Union Station

Urban Attractions

Union Station
A railroad station that opened in 1891 by the Louisville and Nashville Railroad has served as offices for the Transit Authority of River City since 1980.

It superseded previous, smaller, railroad depots around Louisville at the time. Completed in 1889 at a cost of over $310,000, it was once the largest railroad station in the southern U.S., covering 40 acres.

Designed by F. W. Mobray, in the Richardsonian Romanesque-style, with brick-faced limestone ashlar quarried in Bowling Green, KY, and Bedford stone trim from Indiana. The roof, trussed with a combination of heavy wood and iron, is covered with slate. Architectural features include a clock tower, smaller towers, turrets, a facade of considerable size, and barreled vaulting.

The interior featured an atrium, dining, and spacious ladies’ retiring rooms on the first floor. A wrought iron balcony overlooks the atrium. Soft lighting comes from rose-colored windows on both sides of the atrium. The walls are made of marble from Georgia, as well as oak and southern pine. Ceramic tiles covers the floor.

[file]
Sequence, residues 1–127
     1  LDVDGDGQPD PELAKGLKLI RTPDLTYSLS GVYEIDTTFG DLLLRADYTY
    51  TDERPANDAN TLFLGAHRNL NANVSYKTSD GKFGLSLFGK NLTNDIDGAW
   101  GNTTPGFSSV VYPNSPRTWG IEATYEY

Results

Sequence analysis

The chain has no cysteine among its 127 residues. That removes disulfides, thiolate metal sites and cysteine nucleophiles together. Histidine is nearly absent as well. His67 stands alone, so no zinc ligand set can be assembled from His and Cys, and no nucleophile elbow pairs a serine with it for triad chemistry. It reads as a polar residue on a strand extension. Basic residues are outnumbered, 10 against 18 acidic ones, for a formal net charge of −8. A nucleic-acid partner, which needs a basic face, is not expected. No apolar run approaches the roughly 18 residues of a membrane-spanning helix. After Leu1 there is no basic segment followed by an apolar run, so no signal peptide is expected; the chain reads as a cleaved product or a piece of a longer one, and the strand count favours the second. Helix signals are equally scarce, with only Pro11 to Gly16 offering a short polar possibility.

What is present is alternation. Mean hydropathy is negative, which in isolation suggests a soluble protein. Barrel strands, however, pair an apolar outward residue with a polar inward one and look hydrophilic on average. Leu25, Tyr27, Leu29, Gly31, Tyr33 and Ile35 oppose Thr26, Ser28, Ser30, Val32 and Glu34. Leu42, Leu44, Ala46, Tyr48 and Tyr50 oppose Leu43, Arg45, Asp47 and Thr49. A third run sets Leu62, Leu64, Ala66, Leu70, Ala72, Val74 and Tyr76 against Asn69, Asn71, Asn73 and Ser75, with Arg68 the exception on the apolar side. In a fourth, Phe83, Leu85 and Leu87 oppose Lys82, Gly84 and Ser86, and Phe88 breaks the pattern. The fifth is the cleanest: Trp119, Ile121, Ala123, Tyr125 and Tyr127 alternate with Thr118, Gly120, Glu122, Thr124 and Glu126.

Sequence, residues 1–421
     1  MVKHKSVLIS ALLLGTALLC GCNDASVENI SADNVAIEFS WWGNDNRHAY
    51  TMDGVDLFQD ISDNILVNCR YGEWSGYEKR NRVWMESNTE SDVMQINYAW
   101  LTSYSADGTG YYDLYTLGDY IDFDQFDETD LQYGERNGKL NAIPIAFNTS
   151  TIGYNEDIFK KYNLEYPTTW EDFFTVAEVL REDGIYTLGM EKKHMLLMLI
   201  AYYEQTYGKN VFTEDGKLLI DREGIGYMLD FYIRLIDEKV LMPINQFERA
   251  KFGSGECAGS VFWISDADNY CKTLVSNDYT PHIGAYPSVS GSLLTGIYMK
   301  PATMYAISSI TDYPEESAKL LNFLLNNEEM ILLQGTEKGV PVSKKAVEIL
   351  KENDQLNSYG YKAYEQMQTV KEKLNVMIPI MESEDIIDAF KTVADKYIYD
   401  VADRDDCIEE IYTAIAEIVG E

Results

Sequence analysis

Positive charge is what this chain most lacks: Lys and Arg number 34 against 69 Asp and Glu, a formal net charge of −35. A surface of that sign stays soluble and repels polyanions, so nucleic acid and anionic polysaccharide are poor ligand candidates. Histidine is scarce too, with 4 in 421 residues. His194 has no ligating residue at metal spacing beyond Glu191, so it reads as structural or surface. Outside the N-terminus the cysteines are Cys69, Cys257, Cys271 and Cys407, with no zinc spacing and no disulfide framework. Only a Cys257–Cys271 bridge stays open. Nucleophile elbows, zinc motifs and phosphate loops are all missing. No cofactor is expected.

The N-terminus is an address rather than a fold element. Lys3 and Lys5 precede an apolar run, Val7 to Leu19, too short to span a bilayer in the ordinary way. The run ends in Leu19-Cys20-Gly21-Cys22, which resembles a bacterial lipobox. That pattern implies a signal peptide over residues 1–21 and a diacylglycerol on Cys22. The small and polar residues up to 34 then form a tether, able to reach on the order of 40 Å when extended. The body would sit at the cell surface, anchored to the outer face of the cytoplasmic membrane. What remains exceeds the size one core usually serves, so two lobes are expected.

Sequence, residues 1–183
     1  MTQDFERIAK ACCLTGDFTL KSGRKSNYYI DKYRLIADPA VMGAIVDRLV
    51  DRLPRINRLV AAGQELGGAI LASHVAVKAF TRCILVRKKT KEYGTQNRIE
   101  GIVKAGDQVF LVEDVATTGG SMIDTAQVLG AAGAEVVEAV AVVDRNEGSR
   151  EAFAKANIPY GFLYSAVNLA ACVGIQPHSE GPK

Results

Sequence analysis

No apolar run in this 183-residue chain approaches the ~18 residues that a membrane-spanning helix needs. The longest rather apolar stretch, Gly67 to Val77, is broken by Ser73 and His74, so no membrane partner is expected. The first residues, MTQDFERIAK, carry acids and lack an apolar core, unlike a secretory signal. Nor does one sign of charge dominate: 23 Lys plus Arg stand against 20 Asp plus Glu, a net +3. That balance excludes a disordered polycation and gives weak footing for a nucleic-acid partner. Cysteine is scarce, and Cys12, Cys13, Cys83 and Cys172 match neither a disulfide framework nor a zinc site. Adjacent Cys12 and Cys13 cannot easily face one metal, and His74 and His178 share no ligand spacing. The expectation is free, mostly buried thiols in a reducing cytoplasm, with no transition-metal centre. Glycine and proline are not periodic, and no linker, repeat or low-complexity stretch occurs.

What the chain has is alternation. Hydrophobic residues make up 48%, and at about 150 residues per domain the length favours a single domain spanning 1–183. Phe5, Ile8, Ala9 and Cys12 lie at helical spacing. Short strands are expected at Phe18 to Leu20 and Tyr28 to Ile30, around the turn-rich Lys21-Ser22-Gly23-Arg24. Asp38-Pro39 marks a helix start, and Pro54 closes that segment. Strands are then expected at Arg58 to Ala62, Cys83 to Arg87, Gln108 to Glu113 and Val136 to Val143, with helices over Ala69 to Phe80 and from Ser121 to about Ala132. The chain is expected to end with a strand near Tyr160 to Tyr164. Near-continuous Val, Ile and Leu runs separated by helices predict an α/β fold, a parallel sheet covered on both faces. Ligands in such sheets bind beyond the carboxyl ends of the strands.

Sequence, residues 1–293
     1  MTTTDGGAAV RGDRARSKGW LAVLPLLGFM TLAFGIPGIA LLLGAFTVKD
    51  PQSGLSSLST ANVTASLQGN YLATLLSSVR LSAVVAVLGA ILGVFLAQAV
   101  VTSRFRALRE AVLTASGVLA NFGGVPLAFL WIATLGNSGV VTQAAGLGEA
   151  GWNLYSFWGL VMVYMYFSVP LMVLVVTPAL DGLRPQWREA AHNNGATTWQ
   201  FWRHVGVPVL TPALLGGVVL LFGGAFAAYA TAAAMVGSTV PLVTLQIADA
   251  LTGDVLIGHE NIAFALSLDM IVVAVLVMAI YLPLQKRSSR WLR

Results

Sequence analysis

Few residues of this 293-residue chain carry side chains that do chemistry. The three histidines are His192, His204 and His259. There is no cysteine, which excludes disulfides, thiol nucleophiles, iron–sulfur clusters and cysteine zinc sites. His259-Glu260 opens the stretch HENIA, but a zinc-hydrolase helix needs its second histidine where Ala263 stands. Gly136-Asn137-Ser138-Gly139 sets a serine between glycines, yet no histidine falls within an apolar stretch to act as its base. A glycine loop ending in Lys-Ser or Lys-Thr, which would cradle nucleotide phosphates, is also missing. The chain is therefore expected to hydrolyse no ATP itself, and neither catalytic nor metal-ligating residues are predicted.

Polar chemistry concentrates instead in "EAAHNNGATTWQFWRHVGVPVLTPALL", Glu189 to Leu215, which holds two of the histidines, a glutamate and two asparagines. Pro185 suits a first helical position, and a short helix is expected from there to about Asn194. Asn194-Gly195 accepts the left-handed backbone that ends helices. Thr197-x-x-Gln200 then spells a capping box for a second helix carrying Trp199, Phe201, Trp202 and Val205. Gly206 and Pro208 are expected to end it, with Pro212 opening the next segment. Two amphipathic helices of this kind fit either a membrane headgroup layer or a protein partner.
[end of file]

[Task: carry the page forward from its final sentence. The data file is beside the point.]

A fire in 1905 occurred in the facility, and the original rose-colored windows were replaced with an 84-panel stained glass skylight that became a feature of the barrel-vaulting tower.

At the height of rail travel in the 1920s, the station served 58 trains a day, with the popularity of rail travel diminishing by the mid-1960s.

Amtrak used the facility from 1971 until 1976, when it began running the Floridian in conjunction with the Auto-Train from a suburban station. From 2001 to 2003, a track on the west side of the parking lot served Amtrak’s Kentucky Cardinal to Chicago.

The first floor is open to the public from 8 am – 5 pm, Monday – Friday.